Aspen City Council lets Boomerang development fly
A scrivener’s error forced the Boomerang Lodge redevelopment to return to Aspen City Council, which on Monday upheld a 2006 ordinance showing the project to be smaller than it actually will be.
The council, after a near two-hour discussion, voted 3-1 to allow the lodge’s developer to stick with the architectural drawings that reflect 1,224 more square feet in the floor area and 4,542 additional square feet for the balconies, decks and squares. The vote was for what officially was deemed a planned-development amendment.
The increase in space puts the project at roughly 51,000 square feet as opposed to the 44,915 square feet described in the ordinance.
Located at 500 W. Hopkins Ave., the Boomerang project is headed by developer Steve Stunda, who has received two extensions of vested rights to build the lodge because of the Great Recession. His first extension was granted by the City Council in 2009, the second in 2015.
The project calls for 30 lodge units, five free-market residential units, two affordable-housing units, 31 underground parking spaces and 12 surface spaces.
In September, when a building permit was sought for the lodge, the Community Development Department discovered the discrepancy between the ordinance and the architectural drawings, putting the project back before council.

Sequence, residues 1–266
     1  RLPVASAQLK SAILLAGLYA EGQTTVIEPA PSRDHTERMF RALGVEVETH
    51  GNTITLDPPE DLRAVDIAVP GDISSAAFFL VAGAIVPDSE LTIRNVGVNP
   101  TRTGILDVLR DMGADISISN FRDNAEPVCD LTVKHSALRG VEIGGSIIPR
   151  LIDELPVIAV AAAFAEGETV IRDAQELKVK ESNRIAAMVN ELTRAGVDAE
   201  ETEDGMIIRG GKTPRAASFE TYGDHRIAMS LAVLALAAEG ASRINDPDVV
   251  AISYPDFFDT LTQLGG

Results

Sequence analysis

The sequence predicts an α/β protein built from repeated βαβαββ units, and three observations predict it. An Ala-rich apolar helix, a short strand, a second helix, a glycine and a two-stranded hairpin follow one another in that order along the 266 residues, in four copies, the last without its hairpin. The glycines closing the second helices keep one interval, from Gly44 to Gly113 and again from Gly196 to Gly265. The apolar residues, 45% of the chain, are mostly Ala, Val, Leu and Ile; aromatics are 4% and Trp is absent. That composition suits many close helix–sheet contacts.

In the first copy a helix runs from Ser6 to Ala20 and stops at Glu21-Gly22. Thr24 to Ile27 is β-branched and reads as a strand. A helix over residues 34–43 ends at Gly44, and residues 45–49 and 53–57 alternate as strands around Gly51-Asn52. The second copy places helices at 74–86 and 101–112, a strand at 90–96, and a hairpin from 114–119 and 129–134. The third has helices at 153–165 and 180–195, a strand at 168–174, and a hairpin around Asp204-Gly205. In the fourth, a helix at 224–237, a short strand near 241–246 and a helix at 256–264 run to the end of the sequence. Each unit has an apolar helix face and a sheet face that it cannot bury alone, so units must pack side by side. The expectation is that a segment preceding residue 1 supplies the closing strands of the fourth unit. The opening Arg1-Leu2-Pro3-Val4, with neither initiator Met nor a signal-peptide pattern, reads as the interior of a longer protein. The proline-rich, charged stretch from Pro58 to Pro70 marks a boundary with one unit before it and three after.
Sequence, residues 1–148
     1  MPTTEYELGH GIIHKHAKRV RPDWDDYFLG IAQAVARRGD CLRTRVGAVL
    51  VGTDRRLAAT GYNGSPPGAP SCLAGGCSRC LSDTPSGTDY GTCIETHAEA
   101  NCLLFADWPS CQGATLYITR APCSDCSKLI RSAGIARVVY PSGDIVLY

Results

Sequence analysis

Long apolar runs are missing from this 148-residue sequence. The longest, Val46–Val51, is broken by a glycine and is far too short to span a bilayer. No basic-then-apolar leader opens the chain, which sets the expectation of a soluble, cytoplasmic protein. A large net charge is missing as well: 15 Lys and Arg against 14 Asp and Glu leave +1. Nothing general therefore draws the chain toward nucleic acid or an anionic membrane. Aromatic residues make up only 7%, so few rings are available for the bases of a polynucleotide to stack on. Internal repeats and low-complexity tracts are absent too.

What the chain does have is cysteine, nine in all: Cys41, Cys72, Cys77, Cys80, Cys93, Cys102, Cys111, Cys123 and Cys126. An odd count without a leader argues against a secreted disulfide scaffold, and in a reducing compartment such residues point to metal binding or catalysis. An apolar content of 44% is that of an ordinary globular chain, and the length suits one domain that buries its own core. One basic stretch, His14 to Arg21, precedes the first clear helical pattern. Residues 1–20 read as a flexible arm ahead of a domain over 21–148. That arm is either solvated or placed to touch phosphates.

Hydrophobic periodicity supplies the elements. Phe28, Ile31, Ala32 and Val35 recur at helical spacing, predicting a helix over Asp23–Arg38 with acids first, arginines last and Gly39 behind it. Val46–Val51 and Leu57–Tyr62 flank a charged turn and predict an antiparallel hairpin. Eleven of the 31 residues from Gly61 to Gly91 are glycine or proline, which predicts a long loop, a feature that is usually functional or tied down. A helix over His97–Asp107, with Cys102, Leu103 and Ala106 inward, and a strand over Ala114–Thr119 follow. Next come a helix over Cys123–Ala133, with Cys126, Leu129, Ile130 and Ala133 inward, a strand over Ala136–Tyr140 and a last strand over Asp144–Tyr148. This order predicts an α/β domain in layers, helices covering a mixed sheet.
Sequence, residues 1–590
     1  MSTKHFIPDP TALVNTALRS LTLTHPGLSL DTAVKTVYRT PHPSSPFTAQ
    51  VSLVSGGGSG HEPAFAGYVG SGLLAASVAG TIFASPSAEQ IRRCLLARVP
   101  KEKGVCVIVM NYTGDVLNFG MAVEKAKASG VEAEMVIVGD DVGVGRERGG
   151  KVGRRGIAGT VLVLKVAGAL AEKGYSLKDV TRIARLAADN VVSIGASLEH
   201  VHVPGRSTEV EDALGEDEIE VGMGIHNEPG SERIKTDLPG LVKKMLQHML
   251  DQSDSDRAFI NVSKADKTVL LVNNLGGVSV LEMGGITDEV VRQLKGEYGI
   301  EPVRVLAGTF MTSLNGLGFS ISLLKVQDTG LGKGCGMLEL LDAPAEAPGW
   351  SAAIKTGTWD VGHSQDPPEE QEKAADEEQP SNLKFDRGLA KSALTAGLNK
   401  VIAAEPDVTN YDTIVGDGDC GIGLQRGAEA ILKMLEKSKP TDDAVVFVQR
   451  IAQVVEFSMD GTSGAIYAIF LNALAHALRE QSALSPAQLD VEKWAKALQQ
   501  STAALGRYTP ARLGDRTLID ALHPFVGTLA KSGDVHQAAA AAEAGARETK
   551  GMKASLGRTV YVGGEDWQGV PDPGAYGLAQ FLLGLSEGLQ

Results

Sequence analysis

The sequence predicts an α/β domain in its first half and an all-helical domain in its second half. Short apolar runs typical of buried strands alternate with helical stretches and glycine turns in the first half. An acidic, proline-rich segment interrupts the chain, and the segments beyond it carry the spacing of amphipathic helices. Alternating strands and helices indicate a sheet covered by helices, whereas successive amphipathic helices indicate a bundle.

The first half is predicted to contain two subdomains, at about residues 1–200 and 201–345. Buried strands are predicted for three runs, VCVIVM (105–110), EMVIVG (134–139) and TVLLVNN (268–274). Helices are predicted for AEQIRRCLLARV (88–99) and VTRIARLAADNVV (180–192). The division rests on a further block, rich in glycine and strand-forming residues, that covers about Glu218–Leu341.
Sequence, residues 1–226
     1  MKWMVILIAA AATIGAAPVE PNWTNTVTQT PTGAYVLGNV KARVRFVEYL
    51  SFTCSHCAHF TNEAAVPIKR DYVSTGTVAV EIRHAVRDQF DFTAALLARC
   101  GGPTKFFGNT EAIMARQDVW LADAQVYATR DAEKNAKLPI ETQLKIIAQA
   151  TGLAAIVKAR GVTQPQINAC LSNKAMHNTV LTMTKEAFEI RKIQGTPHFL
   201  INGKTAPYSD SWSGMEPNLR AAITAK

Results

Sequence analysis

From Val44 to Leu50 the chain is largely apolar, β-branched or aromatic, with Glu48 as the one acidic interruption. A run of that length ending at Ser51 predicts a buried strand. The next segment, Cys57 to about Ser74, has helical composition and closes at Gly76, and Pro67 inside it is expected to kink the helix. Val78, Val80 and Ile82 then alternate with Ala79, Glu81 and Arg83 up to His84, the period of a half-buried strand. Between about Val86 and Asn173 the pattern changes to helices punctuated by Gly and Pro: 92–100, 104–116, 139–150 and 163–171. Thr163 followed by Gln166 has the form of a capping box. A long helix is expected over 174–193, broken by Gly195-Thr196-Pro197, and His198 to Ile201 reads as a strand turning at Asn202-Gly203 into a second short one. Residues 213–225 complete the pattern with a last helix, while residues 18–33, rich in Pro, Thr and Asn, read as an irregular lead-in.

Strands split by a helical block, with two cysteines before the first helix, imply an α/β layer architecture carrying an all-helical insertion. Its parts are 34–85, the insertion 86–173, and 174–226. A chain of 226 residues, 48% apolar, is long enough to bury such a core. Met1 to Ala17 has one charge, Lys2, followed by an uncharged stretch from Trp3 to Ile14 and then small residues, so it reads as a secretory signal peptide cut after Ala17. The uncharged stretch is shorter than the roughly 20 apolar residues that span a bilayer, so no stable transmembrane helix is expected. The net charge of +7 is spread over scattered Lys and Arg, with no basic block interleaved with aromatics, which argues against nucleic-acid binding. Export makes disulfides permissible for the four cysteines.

Council members expressed caution about setting a precedent by allowing a project larger than the ordinance showed.
And Steve Goldenberg, a neighbor of the project who tried to derail it through unsuccessful litigation, urged the city to “take the lesser of the two,” meaning hold the developer to the language of the ordinance.
Mayor Steve Skadron, however, said the council based its decision in 2006 on the drawings it scrutinized in public hearings.
“I will support approval of the amendment that reconciles the discrepancies,” he said.
Councilman Bert Myrin cast the dissenting vote.
“The ordinance was pretty clear,” he said.
Jennifer Phelan, the city’s deputy planning director, said the staff is focused more on detecting inconsistencies like the one discovered last fall.
“I can say that today we are much more diligent about catching those things on the front end,” she said.
Rest areas and recreation facilities along Interstate 70 in Glenwood Canyon, including boat put-ins, trails and the paved bike path, have been routinely closed to nonpermit public use during flash flood watches.
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